The study indicates that a standardized medication reconciliation process using a multidisciplinary approach, academic detailing, cross-checks, audits, and feedback led to a reduction in medication discrepancies. Along with a decrease in the number of discrepancies after the medication reconciliation process was established, the researchers also noted a decrease in the severity of discrepancies that did occur.

The researchers said pharmacists were an outstanding resource for nurses, residents, and consultants as reconciliation was performed through various stages of a hospital stay. During the study, pharmacists had to enhance the quality of the nursing medication lists with additional information on several occasions. After study results were disseminated, pharmacists at Mayo were empowered to edit patient medication lists in the electronic hospital summary in collaboration with prescribers to enhance accuracy. Also, pharmacists have begun taking medication histories for patients being admitted to the hospital.

Patient education needed

Although the study did not specifically target improvement efforts at patients, the researchers note that another study recently found that less than 30% of patients were able to list the medications they were taking at the time of hospital discharge. Patients must be taught, the researchers said, about the importance of an accurate and updated medication list, including non-prescription medications and herbal supplements, as well as the importance of bringing medication bottles or the most current medication list to every provider visit or hospital at admission.

Another study at the Toronto General Hospital, University Health Network, and the Leslie Dan Faculty of Pharmacy at the University of Toronto, found that involving pharmacists in obtaining and assessing a patient's medication history before elective surgery can significantly reduce medication discrepancies upon admission.2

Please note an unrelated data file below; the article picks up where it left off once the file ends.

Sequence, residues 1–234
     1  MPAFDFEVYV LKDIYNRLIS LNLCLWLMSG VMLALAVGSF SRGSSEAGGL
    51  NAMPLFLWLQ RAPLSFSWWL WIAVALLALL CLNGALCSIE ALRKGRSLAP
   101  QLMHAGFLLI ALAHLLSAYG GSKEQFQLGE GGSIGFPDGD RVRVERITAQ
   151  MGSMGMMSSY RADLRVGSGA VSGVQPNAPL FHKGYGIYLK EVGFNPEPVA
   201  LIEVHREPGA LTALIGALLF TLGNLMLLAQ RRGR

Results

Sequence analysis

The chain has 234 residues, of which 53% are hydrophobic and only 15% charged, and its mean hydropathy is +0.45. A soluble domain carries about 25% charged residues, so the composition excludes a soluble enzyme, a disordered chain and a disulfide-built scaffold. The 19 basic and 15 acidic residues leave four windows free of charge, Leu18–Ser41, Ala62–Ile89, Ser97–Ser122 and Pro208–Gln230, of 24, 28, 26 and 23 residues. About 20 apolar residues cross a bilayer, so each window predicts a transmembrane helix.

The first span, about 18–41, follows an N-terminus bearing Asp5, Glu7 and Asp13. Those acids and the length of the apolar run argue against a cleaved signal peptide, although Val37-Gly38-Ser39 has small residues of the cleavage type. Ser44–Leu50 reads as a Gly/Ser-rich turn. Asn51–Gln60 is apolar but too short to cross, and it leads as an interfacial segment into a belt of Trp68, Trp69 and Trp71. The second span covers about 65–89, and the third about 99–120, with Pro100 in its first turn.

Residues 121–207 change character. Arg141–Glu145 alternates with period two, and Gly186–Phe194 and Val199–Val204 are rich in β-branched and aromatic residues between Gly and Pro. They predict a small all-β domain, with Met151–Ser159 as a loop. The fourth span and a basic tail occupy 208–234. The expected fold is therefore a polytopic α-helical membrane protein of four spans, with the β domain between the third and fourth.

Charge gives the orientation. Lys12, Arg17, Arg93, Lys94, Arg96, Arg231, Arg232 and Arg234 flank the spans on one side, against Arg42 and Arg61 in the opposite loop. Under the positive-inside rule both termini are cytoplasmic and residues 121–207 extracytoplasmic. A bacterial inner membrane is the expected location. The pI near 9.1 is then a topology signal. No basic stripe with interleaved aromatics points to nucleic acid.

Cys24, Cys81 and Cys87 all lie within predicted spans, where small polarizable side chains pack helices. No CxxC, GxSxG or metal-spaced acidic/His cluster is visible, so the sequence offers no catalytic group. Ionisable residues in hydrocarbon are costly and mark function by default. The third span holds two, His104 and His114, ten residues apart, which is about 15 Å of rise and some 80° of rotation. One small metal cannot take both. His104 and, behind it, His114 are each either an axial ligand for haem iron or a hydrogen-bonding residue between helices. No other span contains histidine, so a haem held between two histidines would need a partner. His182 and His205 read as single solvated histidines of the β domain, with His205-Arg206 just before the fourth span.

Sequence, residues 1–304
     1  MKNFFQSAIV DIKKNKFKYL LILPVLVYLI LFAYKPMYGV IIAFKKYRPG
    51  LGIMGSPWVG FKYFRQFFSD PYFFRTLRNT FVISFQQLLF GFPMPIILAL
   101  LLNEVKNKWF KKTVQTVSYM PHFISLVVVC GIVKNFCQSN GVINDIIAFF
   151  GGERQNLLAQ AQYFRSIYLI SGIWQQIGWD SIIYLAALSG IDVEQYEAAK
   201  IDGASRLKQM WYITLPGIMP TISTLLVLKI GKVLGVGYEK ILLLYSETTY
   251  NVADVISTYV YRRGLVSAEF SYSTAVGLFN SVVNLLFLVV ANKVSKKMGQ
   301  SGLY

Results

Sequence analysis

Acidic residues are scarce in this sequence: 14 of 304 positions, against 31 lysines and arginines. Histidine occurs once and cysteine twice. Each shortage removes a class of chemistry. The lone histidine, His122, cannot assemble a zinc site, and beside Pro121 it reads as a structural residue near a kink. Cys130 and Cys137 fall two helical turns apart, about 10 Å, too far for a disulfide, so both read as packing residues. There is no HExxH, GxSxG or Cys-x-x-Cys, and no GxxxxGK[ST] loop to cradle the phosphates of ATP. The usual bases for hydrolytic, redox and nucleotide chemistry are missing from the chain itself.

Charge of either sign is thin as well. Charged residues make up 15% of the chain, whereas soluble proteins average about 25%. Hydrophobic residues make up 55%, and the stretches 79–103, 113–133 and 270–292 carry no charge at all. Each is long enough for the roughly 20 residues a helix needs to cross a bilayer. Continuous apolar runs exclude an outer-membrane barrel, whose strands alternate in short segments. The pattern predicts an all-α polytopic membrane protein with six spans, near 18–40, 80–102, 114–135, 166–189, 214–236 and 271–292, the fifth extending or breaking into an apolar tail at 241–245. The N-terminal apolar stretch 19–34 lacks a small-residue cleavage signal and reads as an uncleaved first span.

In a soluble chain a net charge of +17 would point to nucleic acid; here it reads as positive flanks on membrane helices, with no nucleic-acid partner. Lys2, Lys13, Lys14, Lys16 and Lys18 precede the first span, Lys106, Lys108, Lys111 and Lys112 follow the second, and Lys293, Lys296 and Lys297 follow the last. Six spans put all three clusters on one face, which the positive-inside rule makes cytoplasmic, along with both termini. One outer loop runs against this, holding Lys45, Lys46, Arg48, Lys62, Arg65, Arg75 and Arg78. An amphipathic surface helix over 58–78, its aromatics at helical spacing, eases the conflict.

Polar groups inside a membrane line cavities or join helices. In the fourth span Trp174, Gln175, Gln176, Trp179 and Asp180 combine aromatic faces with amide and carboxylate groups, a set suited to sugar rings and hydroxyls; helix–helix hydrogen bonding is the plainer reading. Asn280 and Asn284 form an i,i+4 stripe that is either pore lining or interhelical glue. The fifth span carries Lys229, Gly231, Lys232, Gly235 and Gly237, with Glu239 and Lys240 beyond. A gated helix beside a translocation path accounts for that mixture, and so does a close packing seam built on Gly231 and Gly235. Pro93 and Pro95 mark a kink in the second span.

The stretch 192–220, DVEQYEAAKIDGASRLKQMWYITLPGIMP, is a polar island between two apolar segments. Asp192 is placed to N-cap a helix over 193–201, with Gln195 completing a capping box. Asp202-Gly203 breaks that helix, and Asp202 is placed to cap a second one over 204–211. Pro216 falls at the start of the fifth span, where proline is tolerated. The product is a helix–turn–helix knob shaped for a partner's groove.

"Reconciling a patient's home medication regimen with drugs prescribed in the hospital is difficult," said lead researcher Olavo Fernandes, PharmD, pharmacy clinical site leader at Toronto General Hospital and an assistant professor at the pharmacy school. "We're also seeing sicker patients who are being treated for multiple illnesses. What this study clearly tells us is that involving pharmacists in the assessment of patients' home medications before surgery can reduce medication discrepancies in hospitals."

In the study, pharmacists worked with nurses in the surgical pre-admission clinic to interview and assess patients' home medication history. The assessments were used to support surgeon prescribing of patients' home medications with a postoperative home medication order form. If needed, the pharmacist followed-up with the patient's community pharmacy or family physician to clarify the medication regimen and ensure accuracy. The control portion of the study involved nurses taking medication histories and surgeon-generated orders without preadmission pharmacist medication assessments and generation of the postoperative home medication order form.

The study found a 50% reduction in medication discrepancies upon hospital admission after surgery. The most common medication discrepancy was omission of reordering home medications. Results also demonstrated that 29.9% of patients with standard care (not having the pharmacist involvement) had at least one postoperative medication discrepancy with the potential to cause "possible" or "probable harm" compared with 12.9% of those who had pharmacist involvement. Clinicians have said they are optimistic they can reduce medication discrepancies even further with enhancements to the multidisciplinary model.

References

1. Varkey P, Cunningham J, O'Meara J, et al. Multidisciplinary approach to inpatient medication reconciliation in an academic setting. Am J Health Syst Pharm 2007;64:850-854.

2. Kwan Y, Fernandes OA, Nagge JJ, et al. Pharmacist medication assessments in a surgical preadmission clinic. Arch Intern Med 2007;167:1034-1040.

[Editor's note: Contact Dr. Varkey by e-mail at varkey.prathibha@mayo.edu. Contact Dr. Fernandez by e-mail at olavo.fernandez@uhn.on.ca.]